The Asian Age

Borewells suck­ing Delhi dry: Survey

Mas­sive fall in city ground­wa­ter level

- SAN­JAY KAW

Delhi is re­port­edly fac­ing the high­est de­cline of ground­wa­ter level among all the met­ros in the coun­try. The data com­piled by the Cen­tral Ground Wa­ter Board has re­vealed that the city’s wa­ter ta­ble — the level be­low which the ground is sat­u­rated with wa­ter — has fallen from 20 feet in 1977 to as much as 214 feet in some ar­eas in the south- east re­gion of the Ridge For­est area. This is pre­cisely a lit­tle less than the height of the Qutab Mi­nar.

With the lo­cal agen­cies mak­ing se­ri­ous ef­forts to tab­u­late the data on all the borewells, the gov­ern­ment was also in the process of ac­quir­ing waste lands, un­cul­ti­vated sur­plus land of Goan Sab­has and new vil­lage lands to in­crease the city’s green cover. The city ad­min­is­tra­tion’s for­est and wildlife depart­ment, which is sup­ported by 19 green­ing agen­cies in­clud­ing civic bod­ies, hos­pi­tals and ed­u­ca­tional in­sti­tu­tions, plans to plant five lakh seedlings dur­ing the cur­rent fi­nan­cial year.

A se­nior of­fi­cial said the ECO Task Force ( Army Per­son­nel) are work­ing to­wards restora­tion of ravines in the Asola Bhatti Wildlife Sanc­tu­ary, with a tar­get to plant two lakh seedlings dur­ing the en­su­ing sea­son. Dur­ing the mon­soon sea­son, the depart­ment plans to con­duct mas­sive plan­ta­tion drives in waste land ar­eas like Gu­man­herda, Shas­tri Park, Gari Mandu and STP Premises in Kondli. The gen­eral pub­lic is also be­ing in­volved in the drive by way of pro­vid­ing them free of cost seedlings from se­lect out­lets of Mother Dairy, petrol pumps and CNG sta­tions.

On the ground­wa­ter front, the CGWB data has re­vealed that large parts of South­west Delhi, South Delhi and South­east Delhi were among the worst af­fected ar­eas. Ex­perts are at­tribut­ing the de­cline in the ground­wa­ter level di­rectly to the use of mil­lions of il­le­gal borewells that are suck­ing the city dry.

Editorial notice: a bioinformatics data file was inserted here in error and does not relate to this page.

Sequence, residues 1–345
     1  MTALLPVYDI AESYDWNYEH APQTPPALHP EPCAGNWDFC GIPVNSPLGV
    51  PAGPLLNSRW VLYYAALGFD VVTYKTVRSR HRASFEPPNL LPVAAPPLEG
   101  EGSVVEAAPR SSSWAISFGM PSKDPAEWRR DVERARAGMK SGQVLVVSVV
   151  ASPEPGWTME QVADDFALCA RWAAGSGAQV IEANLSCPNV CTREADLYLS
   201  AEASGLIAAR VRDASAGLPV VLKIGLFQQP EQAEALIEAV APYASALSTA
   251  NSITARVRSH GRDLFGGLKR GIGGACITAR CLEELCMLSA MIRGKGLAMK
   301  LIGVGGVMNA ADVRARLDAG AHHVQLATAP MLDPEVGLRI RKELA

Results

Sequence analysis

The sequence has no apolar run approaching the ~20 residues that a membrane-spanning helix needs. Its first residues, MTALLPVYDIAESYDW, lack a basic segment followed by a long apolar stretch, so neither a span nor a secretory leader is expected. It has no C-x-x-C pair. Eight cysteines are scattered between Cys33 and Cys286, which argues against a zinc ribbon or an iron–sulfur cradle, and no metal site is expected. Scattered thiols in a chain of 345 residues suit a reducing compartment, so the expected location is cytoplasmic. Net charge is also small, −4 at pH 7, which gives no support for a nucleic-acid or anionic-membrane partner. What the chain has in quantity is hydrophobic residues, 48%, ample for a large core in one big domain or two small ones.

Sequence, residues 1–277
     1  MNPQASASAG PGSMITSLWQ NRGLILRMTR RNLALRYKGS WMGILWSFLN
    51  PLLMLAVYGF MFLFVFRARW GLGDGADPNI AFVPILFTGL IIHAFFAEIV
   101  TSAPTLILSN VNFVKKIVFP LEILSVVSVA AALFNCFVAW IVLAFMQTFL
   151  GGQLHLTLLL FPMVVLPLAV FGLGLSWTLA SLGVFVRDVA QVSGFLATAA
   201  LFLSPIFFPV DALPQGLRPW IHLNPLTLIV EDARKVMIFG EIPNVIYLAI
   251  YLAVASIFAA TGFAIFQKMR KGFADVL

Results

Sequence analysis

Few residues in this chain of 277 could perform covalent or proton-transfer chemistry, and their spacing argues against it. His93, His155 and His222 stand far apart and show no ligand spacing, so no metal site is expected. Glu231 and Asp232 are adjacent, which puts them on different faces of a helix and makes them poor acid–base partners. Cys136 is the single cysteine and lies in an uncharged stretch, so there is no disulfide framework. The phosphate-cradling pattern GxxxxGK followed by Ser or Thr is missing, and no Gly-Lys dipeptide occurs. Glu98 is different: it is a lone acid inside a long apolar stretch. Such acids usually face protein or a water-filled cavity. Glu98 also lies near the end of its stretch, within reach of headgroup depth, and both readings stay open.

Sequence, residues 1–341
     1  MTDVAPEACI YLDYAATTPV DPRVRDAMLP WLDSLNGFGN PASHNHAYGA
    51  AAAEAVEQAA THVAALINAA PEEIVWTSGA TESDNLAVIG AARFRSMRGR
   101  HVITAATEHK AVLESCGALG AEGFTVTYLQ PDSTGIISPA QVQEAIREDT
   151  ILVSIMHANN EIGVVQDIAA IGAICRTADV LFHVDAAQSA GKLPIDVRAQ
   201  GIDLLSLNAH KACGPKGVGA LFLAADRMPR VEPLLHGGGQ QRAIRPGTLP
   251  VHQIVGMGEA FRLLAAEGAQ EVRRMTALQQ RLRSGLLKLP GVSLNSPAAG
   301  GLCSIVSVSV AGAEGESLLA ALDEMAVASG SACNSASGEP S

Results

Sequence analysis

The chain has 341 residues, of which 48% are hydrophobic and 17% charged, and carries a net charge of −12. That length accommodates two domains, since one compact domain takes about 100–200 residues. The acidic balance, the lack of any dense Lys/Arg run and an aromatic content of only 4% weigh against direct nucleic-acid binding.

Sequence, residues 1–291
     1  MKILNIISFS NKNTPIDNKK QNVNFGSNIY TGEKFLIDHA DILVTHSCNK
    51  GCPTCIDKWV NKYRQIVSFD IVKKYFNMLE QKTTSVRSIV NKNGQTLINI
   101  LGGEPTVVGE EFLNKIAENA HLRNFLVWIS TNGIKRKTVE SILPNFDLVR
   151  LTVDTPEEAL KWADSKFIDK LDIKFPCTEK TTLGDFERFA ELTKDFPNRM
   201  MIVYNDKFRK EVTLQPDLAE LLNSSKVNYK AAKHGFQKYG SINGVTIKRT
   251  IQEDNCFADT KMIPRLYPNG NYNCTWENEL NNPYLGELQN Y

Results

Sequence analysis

A re­cent Right to In­for­ma­tion query showed there were 4.65 lakh borewells op­er­at­ing il­le­gally in the na­tional cap­i­tal. The Delhi Jal Board of­fi­cials pri­vately ad­mit­ted th­ese fig­ures were just an es­ti­mate as the ac­tual num­ber of il­le­gal borewells could be much higher. The city ad­min­is­tra­tion’s en­vi­ron­ment depart­ment has al­ready asked Del­hi­ites to dis­close the de­tails of borewells in their re­spec­tive ar­eas. The en­vi­ron­ment depart­ment has said that each and ev­ery borewell has to be regis­tered with the city ad­min­is­tra­tion. A se­nior of­fi­cial said the ad­min­is­tra­tion was plan­ning to get wa­ter me­tres in­stalled at each borewell so that one could keep a tab on the wa­ter which is ex­tracted on a daily ba­sis. The ad­min­is­tra­tion also plans to in­tro­duce wa­ter cess on borewells. Of­fi­cial said it is very dif­fi­cult to de­tect borewells which had been in­stalled inside homes. “One can­not in­spect th­ese houses with­out an of­fi­cial search war­rant.” Sources said the min­istry of en­vi­ron­ment and for­est was more con­cerned with the pos­si­bil­ity of com­mer­cial ex­ploita­tion than mon­i­tor­ing which house­holds have in­stalled th­ese borewells.

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